In the case of the StackExchange beta, "Code Review" there are defined faqs and it appears crazy popular (over 5,000 visits per day).

Most of us don't descend of famous ancestors and for other reasons, the opportunities for our work to appear in peer reviewed journals are limited.

Other than limiting submissions to the writers own work, I'm not suggesting a faq scenerio nor that such task would be simple. My question is whether the spirit of CodeReview.SE that genealogy.SE might now or in the future consider allowing peer review questions.

  • 4
    Drawing a parallel between a programmer's "code review" and Genealogy will be lost on many (especially non-programmers). It would be great if you could re-work your question/discussion to describe specifically what type of activity you are suggesting be considered... and consider omitting the Code Review analogy; that was an odd one-off site that was never intended as a model for future Stack Exchange Sites. Your suggestion will fare better on its own merits. Oct 12 '12 at 20:55
  • 1
    I'm a programmer, and I'm not sure I see the correlation. Could you give an example that relates more to Genealogy?
    – jmort253
    Oct 13 '12 at 3:08

I would find it useful to have somewhere where I could post details of

  1. the research I've done
  2. the conclusions I've reached

and get some healthy and constructive feedback on how robust a case I've made. I'm not thinking here of posting a complete family tree, more "I think X was born in 1754 in Cilrhedyn to parents Y and Z, and here's why".

However, I'm not sure it fits well within a Q&A site -- after all, the 'question' being posed is: "How well did I do?"!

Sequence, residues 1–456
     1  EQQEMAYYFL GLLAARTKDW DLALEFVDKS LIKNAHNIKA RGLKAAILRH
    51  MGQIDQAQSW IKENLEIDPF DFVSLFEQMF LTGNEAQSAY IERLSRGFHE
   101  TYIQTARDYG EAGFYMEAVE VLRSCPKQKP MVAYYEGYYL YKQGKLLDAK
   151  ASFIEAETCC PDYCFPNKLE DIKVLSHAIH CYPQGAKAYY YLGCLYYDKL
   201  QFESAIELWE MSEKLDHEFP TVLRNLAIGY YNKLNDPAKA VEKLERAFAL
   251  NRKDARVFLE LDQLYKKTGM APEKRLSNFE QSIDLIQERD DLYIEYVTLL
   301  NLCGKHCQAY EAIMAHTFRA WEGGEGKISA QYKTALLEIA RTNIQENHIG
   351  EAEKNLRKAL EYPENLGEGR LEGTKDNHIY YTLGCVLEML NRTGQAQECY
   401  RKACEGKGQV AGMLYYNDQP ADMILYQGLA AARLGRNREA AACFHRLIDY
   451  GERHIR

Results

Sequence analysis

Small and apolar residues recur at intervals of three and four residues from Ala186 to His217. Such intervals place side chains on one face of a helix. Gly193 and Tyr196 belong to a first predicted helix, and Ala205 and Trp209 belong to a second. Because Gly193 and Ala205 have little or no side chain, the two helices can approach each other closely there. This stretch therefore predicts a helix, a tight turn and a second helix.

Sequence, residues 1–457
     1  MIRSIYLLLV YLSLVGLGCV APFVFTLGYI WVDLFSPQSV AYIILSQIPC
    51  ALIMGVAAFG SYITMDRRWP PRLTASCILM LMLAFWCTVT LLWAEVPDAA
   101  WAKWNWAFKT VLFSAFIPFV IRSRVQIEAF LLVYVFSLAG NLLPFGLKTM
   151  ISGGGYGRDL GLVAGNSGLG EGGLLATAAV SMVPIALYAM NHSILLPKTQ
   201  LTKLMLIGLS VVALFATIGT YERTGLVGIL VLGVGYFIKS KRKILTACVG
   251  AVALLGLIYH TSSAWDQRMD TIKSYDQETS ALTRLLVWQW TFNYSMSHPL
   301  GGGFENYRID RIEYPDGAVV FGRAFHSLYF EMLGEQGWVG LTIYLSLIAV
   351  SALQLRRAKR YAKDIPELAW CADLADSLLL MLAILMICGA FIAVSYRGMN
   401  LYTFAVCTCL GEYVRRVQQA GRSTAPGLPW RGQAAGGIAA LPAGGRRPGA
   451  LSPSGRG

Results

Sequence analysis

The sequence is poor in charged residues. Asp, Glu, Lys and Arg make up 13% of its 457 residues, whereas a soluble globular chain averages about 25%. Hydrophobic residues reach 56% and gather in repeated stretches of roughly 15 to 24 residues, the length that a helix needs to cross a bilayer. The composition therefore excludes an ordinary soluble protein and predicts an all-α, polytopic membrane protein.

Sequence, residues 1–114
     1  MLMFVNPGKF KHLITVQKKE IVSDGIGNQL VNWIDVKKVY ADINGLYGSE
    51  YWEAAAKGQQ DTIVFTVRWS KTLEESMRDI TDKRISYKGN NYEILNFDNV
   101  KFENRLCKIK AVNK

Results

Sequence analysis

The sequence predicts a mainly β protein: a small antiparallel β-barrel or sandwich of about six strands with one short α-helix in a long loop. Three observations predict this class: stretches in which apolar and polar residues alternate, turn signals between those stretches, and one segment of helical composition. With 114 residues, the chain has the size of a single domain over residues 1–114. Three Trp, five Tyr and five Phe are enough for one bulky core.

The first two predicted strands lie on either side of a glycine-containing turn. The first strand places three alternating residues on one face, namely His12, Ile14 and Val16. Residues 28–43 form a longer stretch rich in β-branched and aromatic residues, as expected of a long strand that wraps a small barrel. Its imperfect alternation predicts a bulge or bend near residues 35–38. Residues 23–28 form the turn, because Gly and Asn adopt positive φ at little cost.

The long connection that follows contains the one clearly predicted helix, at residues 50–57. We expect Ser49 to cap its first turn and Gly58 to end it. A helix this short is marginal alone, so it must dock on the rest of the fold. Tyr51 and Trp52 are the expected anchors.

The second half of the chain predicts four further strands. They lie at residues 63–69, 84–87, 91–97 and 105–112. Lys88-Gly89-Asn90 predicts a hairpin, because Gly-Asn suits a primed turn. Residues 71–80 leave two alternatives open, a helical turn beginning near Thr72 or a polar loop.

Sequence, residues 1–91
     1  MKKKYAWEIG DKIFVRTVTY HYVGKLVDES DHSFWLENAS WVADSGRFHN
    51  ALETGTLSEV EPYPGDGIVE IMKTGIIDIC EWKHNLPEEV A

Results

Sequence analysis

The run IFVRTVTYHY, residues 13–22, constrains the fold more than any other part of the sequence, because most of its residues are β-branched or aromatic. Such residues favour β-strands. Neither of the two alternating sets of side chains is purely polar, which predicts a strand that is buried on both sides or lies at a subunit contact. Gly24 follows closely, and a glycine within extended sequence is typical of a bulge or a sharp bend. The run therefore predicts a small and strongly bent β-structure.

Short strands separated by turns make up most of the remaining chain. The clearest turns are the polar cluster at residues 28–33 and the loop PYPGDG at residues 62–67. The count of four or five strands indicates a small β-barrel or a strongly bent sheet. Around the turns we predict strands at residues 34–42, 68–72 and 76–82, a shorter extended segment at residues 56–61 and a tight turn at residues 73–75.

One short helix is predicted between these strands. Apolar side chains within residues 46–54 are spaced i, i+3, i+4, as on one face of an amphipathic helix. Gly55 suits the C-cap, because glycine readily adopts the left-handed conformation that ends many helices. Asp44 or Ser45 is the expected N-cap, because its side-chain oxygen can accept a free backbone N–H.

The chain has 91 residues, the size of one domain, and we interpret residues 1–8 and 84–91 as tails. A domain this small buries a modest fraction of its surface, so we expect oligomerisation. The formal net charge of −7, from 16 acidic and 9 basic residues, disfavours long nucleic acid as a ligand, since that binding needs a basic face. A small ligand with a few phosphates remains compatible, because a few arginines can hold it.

Update: With the caveat that GeneJ made in comments,

that [the] question "How well did I do," is not intended to elicit "opinions" but expert critique

I think this could be a good fit.

  • 2
    I think this is a great interpretation of the question about peer review
    – Jeni
    Oct 13 '12 at 11:17
  • TY, ColeValleyGirl ... With the caveat that question "How well did I do," is not intended to elicit "opinions" but expert critique.
    – GeneJ
    Oct 13 '12 at 14:09
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    @GeneJ, absolutely -- expert critique, not cookies!
    – user104
    Oct 13 '12 at 14:11
  • But if cookies, may I have mine with milk.
    – GeneJ
    Oct 13 '12 at 14:12
  • @Duncan, IMO, we should use this site. However, I was willing to be contradicted, so I noted my lingering doubt (which GeneJ addressed).
    – user104
    Nov 25 '12 at 13:09

I see the 'peer review' aspect of your question and I understand the peer review aspect of codereview.se. However there is a difference. Codereview.se is about alternate solutions to a problem and the pros/cons of each. Taking this question as an example, the answers show the OP different ways to accomplish the same thing - some are 'more pythonic', some have better performance, some just use alternate methods to achieve the same goal. A genealogy question is a different kind of problem. The 'who/what/where/when' questions should only have one answer (eg you only have one birth date). However, as the commenters note, you may have many sources for that one answer, they may disagree, or you may need to infer from indirect sources; all of which lead to reviewing the 'how' for those facts would we useful and constructive.

Most of our 'how' questions are already like codereview.se (ie answers give alternatives on 'how' to find the 'who/what/where/when' you are looking for). And I think the 'how' questions give you your forum for 'who/what/where/when' (ie the background for the 'how do I find the next fact' highlight the previous work done). So we may already be closer than you think.

One issue that may arise is the scope of the question. There appears to be sentiment to keep the scope of a question very narrow (ie about an individual fact like a person's birth place) instead of broad (everything about an individual). This could be relaxed for these kinds of questions if the intent is to have the equivalent to 'peer-reviewed articles' mentioned in the question since they tend to be about an individual. For example the four articles in the most recent (as of this writing) articles in The New England Historic and Genealogical Register are: